Last updated: July 31, 2014 11:32 pm

US and UN secure 72-hour Gaza ceasefire

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A member of the Palestinian Red Crescent Society points at smoke rising from a building after an Israeli strike on Rafah in southern Gaza on Thursday©AFP

A member of the Palestinian Red Crescent Society points at smoke rising from a building after an Israeli strike on Rafah in southern Gaza on Thursday

The US and the UN announced on Thursday evening a 72-hour ceasefire in Gaza and a new round of negotiations between Israeli and Palestinian representatives in Egypt after three weeks of fighting which has claimed nearly 1500 lives.

US secretary of state John Kerry and Ban Ki-Moon, secretary-general of the UN, said in a statement that an “unconditional humanitarian ceasefire” had been agreed by all parties and would begin at 8am local time on Friday.

The announcement comes after the White House intensified pressure on Israel over the loss of civilian life in Gaza, while Israel promised to keep trying to destroy tunnels built by Hamas even if there were a ceasefire.

The statement said that the pause in fighting would give people in Gaza the chance to “bury the dead, take care of the injured, and restock food supplies”, as well as repairing vital infrastructure.

The US and UN said that negotiations would start “immediately” in Cairo to try and find a “durable ceasefire”, restoring Egypt’s position as a central player in the diplomacy around the conflict. The talks would include Israel and “Palestinian delegations”, indicating that the leadership of the Palestinian Authority in the West Bank could have a role.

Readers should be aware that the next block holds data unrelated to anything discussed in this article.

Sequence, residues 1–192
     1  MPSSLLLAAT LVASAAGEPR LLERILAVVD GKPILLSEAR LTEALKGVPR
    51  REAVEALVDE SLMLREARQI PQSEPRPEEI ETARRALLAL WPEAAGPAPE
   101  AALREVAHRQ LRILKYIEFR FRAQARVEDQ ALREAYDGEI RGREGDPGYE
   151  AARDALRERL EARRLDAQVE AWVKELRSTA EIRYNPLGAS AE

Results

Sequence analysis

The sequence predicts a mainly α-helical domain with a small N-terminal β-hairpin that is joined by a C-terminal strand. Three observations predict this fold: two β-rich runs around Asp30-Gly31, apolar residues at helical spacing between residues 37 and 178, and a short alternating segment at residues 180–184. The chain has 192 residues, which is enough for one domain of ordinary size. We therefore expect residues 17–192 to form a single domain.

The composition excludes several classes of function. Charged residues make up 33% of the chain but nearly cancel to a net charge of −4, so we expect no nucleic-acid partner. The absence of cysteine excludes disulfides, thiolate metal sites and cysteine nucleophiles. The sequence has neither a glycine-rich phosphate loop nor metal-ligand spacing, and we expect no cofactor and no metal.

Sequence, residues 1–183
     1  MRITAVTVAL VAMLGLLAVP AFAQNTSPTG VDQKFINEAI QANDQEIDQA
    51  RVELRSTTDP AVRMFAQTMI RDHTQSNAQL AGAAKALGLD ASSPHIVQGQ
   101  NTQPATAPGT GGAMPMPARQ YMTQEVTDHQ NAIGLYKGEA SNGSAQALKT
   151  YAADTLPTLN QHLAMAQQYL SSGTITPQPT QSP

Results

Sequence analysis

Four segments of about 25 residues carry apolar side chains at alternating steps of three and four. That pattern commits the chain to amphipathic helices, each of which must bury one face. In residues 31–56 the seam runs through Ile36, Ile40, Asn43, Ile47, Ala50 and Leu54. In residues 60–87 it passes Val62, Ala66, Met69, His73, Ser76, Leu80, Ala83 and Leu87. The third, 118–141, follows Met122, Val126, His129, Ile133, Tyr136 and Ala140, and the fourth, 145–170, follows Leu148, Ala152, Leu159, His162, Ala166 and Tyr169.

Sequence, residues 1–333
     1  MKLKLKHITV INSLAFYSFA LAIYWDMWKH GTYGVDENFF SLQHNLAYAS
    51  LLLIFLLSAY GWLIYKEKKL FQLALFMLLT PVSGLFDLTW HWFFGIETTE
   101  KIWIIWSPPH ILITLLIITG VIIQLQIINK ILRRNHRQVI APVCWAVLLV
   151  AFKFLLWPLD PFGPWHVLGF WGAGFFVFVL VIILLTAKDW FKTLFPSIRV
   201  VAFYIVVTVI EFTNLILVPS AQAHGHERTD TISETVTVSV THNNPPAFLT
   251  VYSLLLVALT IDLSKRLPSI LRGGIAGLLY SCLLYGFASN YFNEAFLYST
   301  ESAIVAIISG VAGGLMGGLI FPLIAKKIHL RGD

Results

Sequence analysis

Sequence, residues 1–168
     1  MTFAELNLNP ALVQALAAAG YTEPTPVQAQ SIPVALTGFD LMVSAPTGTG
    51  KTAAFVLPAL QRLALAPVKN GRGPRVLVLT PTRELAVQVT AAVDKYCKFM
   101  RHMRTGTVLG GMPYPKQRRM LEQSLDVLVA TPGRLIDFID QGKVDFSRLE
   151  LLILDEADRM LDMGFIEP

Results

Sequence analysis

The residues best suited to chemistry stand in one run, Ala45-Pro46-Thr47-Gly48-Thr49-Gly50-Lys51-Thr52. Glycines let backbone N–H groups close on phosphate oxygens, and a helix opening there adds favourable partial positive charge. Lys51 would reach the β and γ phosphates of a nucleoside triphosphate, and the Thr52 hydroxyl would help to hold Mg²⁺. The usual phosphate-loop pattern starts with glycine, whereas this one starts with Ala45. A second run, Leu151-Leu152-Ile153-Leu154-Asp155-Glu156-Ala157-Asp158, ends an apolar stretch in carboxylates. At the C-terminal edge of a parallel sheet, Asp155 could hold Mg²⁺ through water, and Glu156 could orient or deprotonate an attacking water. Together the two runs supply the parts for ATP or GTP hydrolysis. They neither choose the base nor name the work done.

Later on Thursday Mr Kerry said that the parties are expected to cease all offensive military activities, and neither side will advance beyond its current locations. “Israel will be able to continue its defensive operations for those tunnels that are behind its lines, and the Palestinians will be able to receive food, medicine, and additional humanitarian assistance.”

He described the ceasefire as “precious time” and said: “It is a lull of opportunity, a moment for the sides and the different factions to be able to come together with the state of Israel in an effort to try to address ways to find a sustainable ceasefire and then, obviously, ultimately, over a longer period of time, address the underlying issues.”

“Obviously, while we are grateful that the violence and the bloodshed has the opportunity to stop for more than 24 hours, it is up to the parties – all of them – to take advantage of this moment. There are no guarantees.”

The ceasefire announcement came hours after the White House condemned the shelling of a UN facility in Gaza by the Israeli military as “totally indefensible”. Josh Earnest, White House spokesman, said there was little doubt that the artillery that hit the school on Wednesday had been fired by Israel.